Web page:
One of the mysteries of the English language finally explained.
A double-walled flask of metal or silvered glass with a vacuum between the walls, used to hold liquids at well below ambient temperature.
- ‘But in 1999 the project experienced major development problems when the large thermos bottle, called a dewar, which holds the supercold helium surrounding the instruments, did not cool down as quickly as expected.’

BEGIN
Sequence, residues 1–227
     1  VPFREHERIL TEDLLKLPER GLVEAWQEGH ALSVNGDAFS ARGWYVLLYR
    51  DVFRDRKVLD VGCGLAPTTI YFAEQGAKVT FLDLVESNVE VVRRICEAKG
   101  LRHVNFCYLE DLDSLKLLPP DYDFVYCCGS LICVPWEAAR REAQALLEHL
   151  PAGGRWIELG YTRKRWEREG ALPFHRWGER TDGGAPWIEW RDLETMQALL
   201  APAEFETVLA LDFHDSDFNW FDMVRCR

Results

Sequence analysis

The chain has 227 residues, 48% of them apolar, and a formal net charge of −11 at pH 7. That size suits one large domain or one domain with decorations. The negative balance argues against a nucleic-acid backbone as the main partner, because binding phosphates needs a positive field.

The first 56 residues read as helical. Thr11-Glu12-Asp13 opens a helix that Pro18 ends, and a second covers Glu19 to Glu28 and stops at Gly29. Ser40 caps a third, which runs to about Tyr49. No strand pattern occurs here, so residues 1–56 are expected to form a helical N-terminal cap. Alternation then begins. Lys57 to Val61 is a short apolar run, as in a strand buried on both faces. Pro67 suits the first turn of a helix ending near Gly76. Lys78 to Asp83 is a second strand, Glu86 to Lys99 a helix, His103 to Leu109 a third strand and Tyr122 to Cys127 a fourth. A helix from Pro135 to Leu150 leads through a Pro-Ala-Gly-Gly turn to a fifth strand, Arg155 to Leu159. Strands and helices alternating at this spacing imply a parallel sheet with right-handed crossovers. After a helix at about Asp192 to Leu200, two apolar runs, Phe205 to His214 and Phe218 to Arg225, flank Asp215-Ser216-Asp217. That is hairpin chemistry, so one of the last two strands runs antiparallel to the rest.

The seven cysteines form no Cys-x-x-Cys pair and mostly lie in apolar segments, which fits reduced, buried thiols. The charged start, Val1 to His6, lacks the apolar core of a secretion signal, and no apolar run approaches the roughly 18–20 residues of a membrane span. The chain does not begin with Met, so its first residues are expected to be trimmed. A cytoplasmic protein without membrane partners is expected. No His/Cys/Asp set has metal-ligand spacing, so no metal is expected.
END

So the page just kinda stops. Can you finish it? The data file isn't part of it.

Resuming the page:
- ‘However, only the sample dewar was filled with liquid nitrogen.’
- ‘The freezing device was composed of the rotating copper or silver disks and the liquid nitrogen dewar.’
- ‘Liquid helium will boil off constantly through a special porous plug in the dewar to maintain the science probe at its required temperature for up to 18 months.’
- ‘The detector would be placed in a dewar, in effect a huge Thermos bottle.’
Late 19th century: named after Sir James Dewar (see Dewar, Sir James).
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